Recent Court Decisions Impacting Enforceability of Domestic Asset Protection Trusts Suggest Using Hybrid Domestic Asset Protection Trust Structure

For a decade and a half there were no court opinions upholding challenges to domestic asset protection trusts (“DAPT’s”). Indeed, there were no decisions at all. This lack of jurisprudence gave asset protection planners renewed confidence to consider using DAPT’s when clients sought protection against future creditor claims.

In 2013, the Huber case was decided, and very recently the opinion in the Dahl appeal was issued. Although both cases involved DAPT’s their facts are very different and the class of creditor attacking the trusts were also different. In Huber, we have a bankruptcy trustee suing on behalf of typical third-party creditors, while in Dahl we have a spouse challenging the trust in connection with a divorce proceeding. Though quite different, both decisions include a finding that the choice of law provision in the respective trust documents (Alaska and Nevada) is not controlling and instead the courts applied the law of the forum state. Although the courts arrived at their decisions using different approaches, the common thread was that the law established in the trust document was in conflict with a substantial public policy of the forum state.

The impact of these decisions was catastrophic to the settlors whose common goal was to keep the assets of their DAPT’s outside the reach of their creditors (whether they be bank lenders enforcing guaranties or divorcing spouses seeking to augment the marital estate).

In response to Huber (note that Dahl did not involve a challenge to a self-settled trust), it now behooves asset protection planners to anticipate a challenge to self-settled spendthrift trusts when the settlor is a resident of a non-DAPT state. It is in this connection that it is worthwhile to revisit Steve Oshins’ strategy of creating what he calls a Hybrid Domestic Asset Protection Trust (“Hybrid Trust”).

The Hybrid Trust is drafted as your typical DAPT except that the settlor is not named as a beneficiary. In this way the trust is a typical irrevocable spendthrift trust for a spouse and descendants. It can be established to avoid inclusion in the estate of the settlor by insuring the contribution is a completed gift for gift tax purposes or planning for inclusion in the settlor’s estate by making the contributions incomplete for gift tax purposes. In either situation, assuming there are no fraudulent transfer claims, the trust should be bulletproof in terms of the settlor’s creditors accessing the trust as this would be a classic third party spendthrift trust.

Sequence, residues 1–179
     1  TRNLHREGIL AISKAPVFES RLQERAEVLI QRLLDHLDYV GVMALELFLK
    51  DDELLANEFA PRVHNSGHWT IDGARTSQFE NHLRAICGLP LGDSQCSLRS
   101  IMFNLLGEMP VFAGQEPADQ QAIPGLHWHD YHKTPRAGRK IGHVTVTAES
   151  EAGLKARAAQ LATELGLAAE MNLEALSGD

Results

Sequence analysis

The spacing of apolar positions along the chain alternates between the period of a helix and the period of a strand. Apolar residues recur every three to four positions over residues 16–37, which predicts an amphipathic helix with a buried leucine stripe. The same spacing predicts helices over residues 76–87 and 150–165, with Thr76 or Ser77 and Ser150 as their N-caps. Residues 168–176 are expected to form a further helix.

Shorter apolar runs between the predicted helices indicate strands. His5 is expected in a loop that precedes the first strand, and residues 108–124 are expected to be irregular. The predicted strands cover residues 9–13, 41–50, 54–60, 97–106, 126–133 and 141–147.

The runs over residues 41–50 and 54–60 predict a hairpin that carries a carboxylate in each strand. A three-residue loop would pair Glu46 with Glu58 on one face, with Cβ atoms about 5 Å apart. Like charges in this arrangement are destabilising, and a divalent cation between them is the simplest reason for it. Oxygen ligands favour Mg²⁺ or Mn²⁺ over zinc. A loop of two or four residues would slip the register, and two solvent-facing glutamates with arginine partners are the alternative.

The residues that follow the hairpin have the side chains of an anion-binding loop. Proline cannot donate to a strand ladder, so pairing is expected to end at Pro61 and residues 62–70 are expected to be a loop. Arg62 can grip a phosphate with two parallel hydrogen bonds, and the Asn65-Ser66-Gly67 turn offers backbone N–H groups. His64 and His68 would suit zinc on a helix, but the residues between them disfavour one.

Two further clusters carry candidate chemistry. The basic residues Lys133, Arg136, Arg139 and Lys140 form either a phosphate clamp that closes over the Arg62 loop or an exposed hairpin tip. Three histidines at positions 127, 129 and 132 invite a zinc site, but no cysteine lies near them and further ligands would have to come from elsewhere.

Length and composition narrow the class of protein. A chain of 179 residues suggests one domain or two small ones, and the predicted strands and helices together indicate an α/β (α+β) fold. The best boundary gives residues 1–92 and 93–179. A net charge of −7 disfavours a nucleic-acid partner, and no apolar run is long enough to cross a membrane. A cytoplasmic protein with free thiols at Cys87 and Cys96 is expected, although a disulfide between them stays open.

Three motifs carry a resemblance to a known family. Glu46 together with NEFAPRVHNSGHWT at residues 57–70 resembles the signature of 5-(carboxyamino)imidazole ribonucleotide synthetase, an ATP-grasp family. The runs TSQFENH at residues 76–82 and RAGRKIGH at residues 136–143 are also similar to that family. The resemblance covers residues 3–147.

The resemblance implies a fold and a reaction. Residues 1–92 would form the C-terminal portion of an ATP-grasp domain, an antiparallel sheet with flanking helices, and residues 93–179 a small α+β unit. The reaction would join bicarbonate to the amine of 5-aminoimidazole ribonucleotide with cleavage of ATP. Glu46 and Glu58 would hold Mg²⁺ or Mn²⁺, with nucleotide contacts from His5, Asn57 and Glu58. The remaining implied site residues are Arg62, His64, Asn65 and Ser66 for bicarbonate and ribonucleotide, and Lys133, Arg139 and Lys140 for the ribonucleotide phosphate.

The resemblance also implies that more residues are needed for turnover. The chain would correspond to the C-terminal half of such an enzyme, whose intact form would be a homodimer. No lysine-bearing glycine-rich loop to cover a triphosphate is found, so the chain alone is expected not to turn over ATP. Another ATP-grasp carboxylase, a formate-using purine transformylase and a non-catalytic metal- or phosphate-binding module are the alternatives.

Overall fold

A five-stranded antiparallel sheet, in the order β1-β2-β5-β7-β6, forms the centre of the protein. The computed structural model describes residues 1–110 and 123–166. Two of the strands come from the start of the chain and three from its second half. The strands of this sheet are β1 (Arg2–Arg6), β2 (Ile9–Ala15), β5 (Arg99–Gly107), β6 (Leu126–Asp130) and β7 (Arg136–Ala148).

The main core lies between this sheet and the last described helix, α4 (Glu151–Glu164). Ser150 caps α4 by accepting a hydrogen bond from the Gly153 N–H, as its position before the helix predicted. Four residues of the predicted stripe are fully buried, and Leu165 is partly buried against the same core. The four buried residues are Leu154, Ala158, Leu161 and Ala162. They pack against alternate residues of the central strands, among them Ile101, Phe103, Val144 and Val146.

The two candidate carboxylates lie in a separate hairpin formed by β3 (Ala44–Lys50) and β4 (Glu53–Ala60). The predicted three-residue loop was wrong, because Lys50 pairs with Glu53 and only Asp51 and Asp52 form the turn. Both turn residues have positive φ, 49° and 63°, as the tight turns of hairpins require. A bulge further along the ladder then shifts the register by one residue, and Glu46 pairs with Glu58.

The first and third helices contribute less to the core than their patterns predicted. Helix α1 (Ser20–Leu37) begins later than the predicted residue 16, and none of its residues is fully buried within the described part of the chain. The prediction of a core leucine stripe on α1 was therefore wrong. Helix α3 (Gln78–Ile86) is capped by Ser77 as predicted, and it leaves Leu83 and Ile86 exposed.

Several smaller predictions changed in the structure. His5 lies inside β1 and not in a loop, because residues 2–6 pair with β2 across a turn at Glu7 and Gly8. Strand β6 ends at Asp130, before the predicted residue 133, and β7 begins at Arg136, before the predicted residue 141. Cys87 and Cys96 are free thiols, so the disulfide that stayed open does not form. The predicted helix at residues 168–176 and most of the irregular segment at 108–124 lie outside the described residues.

Following the establishment of the trust, if an unsuspected creditor problem arises with respect to the settlor, by making distributions to settlor’s spouse, the settlor can indirectly benefit (home payments and other living expenses can be paid by the spouse for the couple’s benefit). Obviously having a strong and trusting marriage will be critical for this type of planning. Moreover, the spouse should be defined as the person married to the settlor from time to time.

The flexibility of the Hybrid Trust comes about by allowing the trust protector or distribution advisor to add or eliminate beneficiaries. Accordingly, the settlor may be added as a beneficiary if, for example, at some point settlor has no spouse or trustworthy child. At that time, the Hybrid Trust becomes a typical DAPT with all of the inherent risks. Of course, the trust protector can remove the settlor as a beneficiary at any time where it is anticipated that a creditor may attack. The removal should occur as early as possible to avoid the inevitable creditor claim that the trust should be categorized as a typical DAPT rather than a third-party creditor trust.

If you feel that you might benefit from consulting with an asset protection planning attorney, please feel free to contact me.